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Indigenous Services Minister Marc Miller responds to a question during a news conference, Oct. 8, 2020 in Ottawa.

Adrian Wyld/The Canadian Press

An urgent meeting will be held on systemic racism in health, Indigenous Services Minister Marc Miller said Thursday, as he pointed to the mistreatment and death of Joyce Echaquan in a Quebec hospital and the clear demands that Ottawa has heard for change.

Mr. Miller, who held a news conference in Ottawa along with officials from his department, said cabinet ministers including Health Minister Patty Hajdu and Crown-Indigenous Relations Minister Carolyn Bennett have talked about next steps needed to address systemic racism in the health care system.

Additional details on the meeting will be announced soon, Mr. Miller said, adding contributions from Indigenous partners are required.

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“We will be reaching out to them today to convene an urgent meeting to address racism experienced by Indigenous peoples in Canada’s health care system,” he said.

Mr. Miller said there is, without question, a jurisdictional challenge as the country works to ensure Indigenous peoples get first-class care. Although Ottawa funds and sets standards for health care, provinces and territories deliver most of the services across the country.

The federal government has faced increased political pressure in recent days to address systemic racism in health after a seven-minute video of Ms. Echaquan’s treatment in a hospital was live-streamed on Facebook.

It showed the 37-year-old mother screaming in pain while two health care workers were in the room, including one who told her in French, “You’re stupid as hell.” Another woman said, “You made some bad choices, my dear.”

The video of Ms. Echaquan’s final moments alive sparked national condemnation last week. Prime Minister Justin Trudeau said Canadians were shocked to see what happened and that it was an example of systemic racism when someone needed help the most.

Advocates including Indigenous physicians also said that what was captured on video was not an isolated incident and that systemic racism is national in scope and demands a countrywide response.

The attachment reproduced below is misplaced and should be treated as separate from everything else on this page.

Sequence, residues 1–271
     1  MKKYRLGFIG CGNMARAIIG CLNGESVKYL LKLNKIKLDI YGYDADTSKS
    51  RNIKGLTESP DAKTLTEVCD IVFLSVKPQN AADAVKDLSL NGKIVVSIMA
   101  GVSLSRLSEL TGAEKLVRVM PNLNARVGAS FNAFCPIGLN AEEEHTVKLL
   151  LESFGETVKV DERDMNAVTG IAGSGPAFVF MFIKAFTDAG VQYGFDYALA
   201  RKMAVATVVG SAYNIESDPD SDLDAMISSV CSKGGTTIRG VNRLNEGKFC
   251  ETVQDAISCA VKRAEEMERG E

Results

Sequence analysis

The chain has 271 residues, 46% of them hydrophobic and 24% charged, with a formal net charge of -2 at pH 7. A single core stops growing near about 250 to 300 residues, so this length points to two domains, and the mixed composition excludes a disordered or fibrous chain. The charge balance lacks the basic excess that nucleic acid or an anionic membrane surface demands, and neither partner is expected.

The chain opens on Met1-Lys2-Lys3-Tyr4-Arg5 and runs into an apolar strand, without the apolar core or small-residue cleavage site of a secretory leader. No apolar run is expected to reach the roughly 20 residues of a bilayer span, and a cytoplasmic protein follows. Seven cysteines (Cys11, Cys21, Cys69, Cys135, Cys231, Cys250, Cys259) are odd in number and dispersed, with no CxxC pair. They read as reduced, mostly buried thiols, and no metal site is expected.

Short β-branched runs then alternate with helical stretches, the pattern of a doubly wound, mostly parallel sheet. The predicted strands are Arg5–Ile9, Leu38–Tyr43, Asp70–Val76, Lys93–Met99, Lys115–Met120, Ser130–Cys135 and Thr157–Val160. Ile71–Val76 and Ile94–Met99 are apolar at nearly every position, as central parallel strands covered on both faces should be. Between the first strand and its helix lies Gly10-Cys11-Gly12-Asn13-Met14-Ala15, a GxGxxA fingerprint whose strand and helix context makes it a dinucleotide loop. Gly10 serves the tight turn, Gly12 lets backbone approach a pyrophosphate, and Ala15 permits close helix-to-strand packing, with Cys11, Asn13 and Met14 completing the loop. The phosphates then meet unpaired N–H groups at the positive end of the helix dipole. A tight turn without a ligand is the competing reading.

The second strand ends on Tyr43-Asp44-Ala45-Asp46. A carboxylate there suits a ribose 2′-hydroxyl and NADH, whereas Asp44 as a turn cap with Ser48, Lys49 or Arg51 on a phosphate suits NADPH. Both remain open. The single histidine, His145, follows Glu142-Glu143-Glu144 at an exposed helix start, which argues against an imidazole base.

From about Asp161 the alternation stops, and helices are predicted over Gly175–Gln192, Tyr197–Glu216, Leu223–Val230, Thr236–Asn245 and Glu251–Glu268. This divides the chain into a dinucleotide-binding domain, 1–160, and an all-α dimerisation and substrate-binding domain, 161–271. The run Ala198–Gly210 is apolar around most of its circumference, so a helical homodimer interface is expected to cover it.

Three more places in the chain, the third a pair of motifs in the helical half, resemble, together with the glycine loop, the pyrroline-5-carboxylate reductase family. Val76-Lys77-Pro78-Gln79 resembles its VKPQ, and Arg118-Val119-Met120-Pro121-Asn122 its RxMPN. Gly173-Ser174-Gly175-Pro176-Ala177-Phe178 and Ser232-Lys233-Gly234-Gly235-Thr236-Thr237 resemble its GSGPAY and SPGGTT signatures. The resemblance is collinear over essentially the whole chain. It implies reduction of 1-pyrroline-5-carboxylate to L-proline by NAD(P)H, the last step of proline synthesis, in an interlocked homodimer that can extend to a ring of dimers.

Jane Philpott, the dean of the health sciences faculty at Queen’s University who served as both health minister and Indigenous services minister in the Trudeau government’s first term, said the fact that the federal government is drawing attention to systemic racism in health is something to be welcomed.

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“The federal government has the opportunity of convening a broad group of individuals who need to have a voice in this conversation,” she said in an interview.

“The signal that this sends will be really critical to say that enough is more than enough, and we have watched and stood by and seen how people have been treated in health systems and seen when people die senselessly."

Dr. Philpott said racism affects all institutions, including the justice and correctional systems, but there is a particular need to address it in health.

“We are in a point in time in society where I think people who have not been awakened to racism and aware of what it looks like, for a variety of tragic reasons, are coming to understand that health care looks different based on who is interacting with the system," she said. “We need to really take advantage of this point in time.”

Ottawa has also faced calls to take greater action including from the lead investigator into allegations of systemic racism in British Columbia’s health care system.

Mary Ellen Turpel-Lafond, who is investigating allegations that emergency staff at a B.C. hospital played a game to guess blood-alcohol levels of Indigenous patients, said in a recent interview that Ottawa should enact national standards for the care of Indigenous patients.

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The Canada Health Act lays out the primary objective of health care policy as “to protect, promote and restore the physical and mental well-being of residents of Canada and to facilitate reasonable access to health services without financial or other barriers.”

Ms. Turpel-Lafond said: “When the federal government is funding the system and the federal government has primary responsibility for First Nations people, and the federal government has this national health act under which all of our services fall, we need to raise this up to the national level and ensure that there is an effective and appropriate response across Canada."

Senator Murray Sinclair, who chaired the Truth and Reconciliation Commission probing Canada’s residential school legacy, also told The Globe that systemic racism clearly amounts to a national problem and the federal government is “really dropping the ball here by refusing to be the one to intervene and to show some leadership.”

Transfer payments are made to provinces without a requirement that policies be established to redress systemic racism and bias, he said.

“The federal government has a considerable economic club here that they are refusing to use to assist people of colour, the most vulnerable people in Canada, to be treated more humanely,” Mr. Sinclair said.

Mr. Miller said Thursday that if there’s any conclusion to be drawn from the TRC report, the Viens Commission that examined the relationship between Indigenous peoples and public services in Quebec, and the national inquiry into missing and murdered Indigenous women and girls is that “we have all dropped the ball for too long.”

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“There is an immense amount of work to do,” he said. “There’s an immense amount of responsibility that lies on the federal government’s shoulders.”

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